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Sunday, August 20, 2006

I, Lucifer

This song, by The Real Tuesday Weld, is the latest ear worm to writhe within the tortured confines of my head. Enjoy.

The Ugly and the Beautiful

Well after all that we've been through
Would you still call this love baby?
Cause love's the only proof
That the ugly could be beautiful
God knows I'm feeling spent
Though I've still got my money honey
Money's the revenge
Of the ugly on the beautiful

Well the drugs just ain't enough
Though I like the way they made us crazy
But love's the only drug
It turns the ugly into beautiful
And I can't tell you why
I'm still so much afraid of dying
Dying reconciles
The ugly with the beautiful

Though we've been burned by it
Let's still believe in love
Cause love's the greatest gift
Of the ugly to the beautiful

The MP3 of the song can be obtained here. The French version, La Bete et la belle, is even more playful, IMHO.

A brief blurb by Declan Gunn about this London-based artist:

Equal parts stage-savvy showman and pop-music mastermind, Stephen Coates (aka the Real Tuesday Weld) has a biting wit and snappy style that beautifully meets and matches the genuine human angst and emotion rising from his dark yet snazzy little balls of melodramatic pop splendor. Lots of flavor in there, so keep chewing.

It’s a lot to ask: Write songs about love, death, time and memory. Inform them with a narrative and musical sensibility at once intelligent, wry, witty, playful and profound. Be understated yet poetic, romantic yet post-modern, English yet universal. Admit your worst fears and failings, but remain charming and irresistably cool. Pay homage to heroes as far apart as Al Bowlly and Serge Gainsbourg, pass the sparkling style and champagne spirit of the '20s and '30s through a no-nonsense 21st century filter. Be accessible and sophisticated. And when you’ve written these songs, punctuate them with instrumental interludes to catch those of Psyche’s moods and Cupid’s moments language is apt to miss.

It’s a lot to ask. But, having been visited in a dream by the aforementioned Bowlly, one-man-industry The Real Tuesday Weld (a.k.a. Stephen Coates, a.k.a. The Clerkenwell Kid) has made it his working brief. Urban anatomist of love and sampler par excellence, The Real Tuesday Weld has honed a musical method of succinct composition and delivery ("antique beat", as he’s been wont to call it) that has the effect common to all nifty invention: it makes you wonder why no one’s done it before.

His first full-length release, When Cupid Meets Psyche, provided the stylistic range at which its shorter predecessor, The Valentine EP, had hinted, with songs that were, according to the U.K.'s Q Magazine, “…warm and welcoming as well as arty… a gypsy knees-up, a psychedelic bossa latino, the polite reeds of a ‘30s dance band crushed by booming hip-hop bass…”. A nice niche to nestle in; but I, Lucifer, his Six Degrees debut, has new territory to explore. Conceived as a soundtrack to Glen Duncan’s novel of the same title, the album gives us the Devil’s take on humanity, and The Real Tuesday Weld’s take on our favourite sins. The result is a mischievous, astute, funny, and ultimately melancholy collection, “…meticulously arranged, touching, intimate, and with mesmerising melodies… superbly atmospheric…” - Uncut (U.K.), delivered with the assistance of an eclectic mix of collaborators. The track "Someday (never)" contains an extraordinary performance by Coates’s long-time friend and Grammy award nominee Martyn Jacques, of castrati-cabaret stars the Tiger Lilies. Scottish jazz chanteuse Pinkie McClure features on the Bond themesque "One More Chance," while Gallic crooner David Guez provides the chanson anglaise strains of "La Bete et La Belle". Antique horn embellishments are courtesy of Dutch aristocrat Jacques Van Rhijn.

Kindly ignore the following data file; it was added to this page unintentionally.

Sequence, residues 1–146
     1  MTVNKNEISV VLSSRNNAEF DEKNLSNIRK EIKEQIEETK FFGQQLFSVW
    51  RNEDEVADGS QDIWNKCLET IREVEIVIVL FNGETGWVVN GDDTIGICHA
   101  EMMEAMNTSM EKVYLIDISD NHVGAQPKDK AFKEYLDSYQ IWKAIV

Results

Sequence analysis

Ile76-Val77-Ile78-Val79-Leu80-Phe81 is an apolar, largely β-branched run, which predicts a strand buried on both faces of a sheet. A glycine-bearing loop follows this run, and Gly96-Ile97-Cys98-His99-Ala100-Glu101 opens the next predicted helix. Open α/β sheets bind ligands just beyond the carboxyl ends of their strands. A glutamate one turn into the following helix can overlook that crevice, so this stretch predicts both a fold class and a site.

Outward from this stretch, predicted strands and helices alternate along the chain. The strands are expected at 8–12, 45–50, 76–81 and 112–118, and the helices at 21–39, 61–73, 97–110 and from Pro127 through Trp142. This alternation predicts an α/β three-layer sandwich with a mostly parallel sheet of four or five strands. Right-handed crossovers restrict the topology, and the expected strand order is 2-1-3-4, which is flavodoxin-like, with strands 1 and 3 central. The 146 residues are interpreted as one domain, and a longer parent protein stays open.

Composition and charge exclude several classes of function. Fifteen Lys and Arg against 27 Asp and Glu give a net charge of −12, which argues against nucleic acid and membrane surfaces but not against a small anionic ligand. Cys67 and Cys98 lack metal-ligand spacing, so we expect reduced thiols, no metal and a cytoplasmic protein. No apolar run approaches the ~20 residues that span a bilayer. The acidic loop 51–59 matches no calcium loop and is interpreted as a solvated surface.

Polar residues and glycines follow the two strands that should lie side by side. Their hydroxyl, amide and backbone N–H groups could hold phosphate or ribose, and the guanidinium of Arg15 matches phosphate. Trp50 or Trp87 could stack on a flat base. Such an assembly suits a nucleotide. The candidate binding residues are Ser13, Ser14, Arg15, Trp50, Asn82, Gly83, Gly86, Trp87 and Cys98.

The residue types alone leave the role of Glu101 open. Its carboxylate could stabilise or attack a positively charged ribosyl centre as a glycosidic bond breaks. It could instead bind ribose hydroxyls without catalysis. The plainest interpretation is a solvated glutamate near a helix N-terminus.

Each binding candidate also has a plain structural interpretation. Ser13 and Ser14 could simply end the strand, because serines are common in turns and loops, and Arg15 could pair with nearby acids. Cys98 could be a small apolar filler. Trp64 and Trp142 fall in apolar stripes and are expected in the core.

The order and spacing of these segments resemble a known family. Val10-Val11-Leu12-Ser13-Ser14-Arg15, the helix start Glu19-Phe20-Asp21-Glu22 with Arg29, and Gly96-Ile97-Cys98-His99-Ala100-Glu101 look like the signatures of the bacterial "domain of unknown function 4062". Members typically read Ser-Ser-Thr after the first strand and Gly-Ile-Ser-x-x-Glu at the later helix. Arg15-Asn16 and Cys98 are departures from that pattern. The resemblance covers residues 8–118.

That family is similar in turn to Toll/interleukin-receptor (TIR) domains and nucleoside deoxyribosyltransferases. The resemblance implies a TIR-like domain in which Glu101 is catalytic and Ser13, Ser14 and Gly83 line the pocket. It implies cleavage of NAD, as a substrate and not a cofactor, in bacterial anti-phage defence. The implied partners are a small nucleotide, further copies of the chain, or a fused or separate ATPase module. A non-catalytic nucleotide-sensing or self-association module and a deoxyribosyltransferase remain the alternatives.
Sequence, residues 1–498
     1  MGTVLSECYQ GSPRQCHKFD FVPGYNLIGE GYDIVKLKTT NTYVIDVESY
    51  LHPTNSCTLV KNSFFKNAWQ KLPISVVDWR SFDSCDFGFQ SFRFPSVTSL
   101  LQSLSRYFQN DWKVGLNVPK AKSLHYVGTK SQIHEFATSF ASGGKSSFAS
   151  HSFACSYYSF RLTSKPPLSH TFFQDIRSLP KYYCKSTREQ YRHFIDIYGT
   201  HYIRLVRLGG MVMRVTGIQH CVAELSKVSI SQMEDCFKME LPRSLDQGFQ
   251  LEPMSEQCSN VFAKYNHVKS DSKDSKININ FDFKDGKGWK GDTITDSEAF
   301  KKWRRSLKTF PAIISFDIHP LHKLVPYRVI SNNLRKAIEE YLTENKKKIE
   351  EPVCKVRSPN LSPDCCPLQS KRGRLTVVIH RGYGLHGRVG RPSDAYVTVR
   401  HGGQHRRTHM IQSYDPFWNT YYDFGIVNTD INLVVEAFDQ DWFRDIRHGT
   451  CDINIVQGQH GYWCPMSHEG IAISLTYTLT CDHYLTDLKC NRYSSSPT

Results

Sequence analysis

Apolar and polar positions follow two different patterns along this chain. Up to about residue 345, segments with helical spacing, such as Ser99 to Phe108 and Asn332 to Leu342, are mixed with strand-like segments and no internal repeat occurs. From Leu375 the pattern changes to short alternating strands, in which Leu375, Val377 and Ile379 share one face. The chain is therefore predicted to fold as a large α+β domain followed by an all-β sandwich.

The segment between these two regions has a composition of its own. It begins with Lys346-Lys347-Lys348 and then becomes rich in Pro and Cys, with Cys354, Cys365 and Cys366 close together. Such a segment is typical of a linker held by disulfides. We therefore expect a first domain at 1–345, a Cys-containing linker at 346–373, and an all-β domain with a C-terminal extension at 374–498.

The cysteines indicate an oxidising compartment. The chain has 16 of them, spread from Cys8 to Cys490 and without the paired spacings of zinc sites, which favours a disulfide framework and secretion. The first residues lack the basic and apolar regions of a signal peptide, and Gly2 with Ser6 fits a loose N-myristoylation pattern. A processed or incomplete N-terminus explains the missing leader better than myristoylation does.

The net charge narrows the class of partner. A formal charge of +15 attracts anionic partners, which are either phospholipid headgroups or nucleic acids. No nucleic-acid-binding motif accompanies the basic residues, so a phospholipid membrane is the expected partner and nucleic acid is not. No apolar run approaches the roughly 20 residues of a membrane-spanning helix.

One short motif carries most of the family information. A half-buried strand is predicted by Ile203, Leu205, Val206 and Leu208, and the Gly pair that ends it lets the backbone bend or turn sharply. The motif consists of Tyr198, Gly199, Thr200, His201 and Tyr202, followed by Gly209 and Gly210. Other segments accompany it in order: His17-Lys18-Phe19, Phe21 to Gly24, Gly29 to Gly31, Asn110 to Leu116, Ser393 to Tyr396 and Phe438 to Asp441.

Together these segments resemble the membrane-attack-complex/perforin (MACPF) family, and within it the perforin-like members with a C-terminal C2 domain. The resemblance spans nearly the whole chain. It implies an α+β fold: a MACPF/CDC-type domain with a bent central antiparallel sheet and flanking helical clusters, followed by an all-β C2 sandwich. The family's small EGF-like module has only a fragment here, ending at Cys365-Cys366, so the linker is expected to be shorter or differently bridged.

A near-death epiphany in icy waters off the Siberian coast inspired another ongoing collaborator, Brooklyn-based Russian animator Alex Budovskiy, to create the international award-winning, Sundance-nominated video for the track "Bathtime in Clerkenwell", which is a multi-media element on the CD. This visual extravaganza features (what else?) an army of cuckoos colonising first one apartment, then Clerkenwell, then the whole of London.

There’s no handy summation. These are songs that speak intimately of intimacy and dispassionately of passion, but never at the expense of humour, brevity, or that much maestro-neglected phenomenon, the Tune. You can listen, you can shuffle around the lounge with a pink gin and a cheroot, you can ponder. You can even - if you’re that way inclined - groove.


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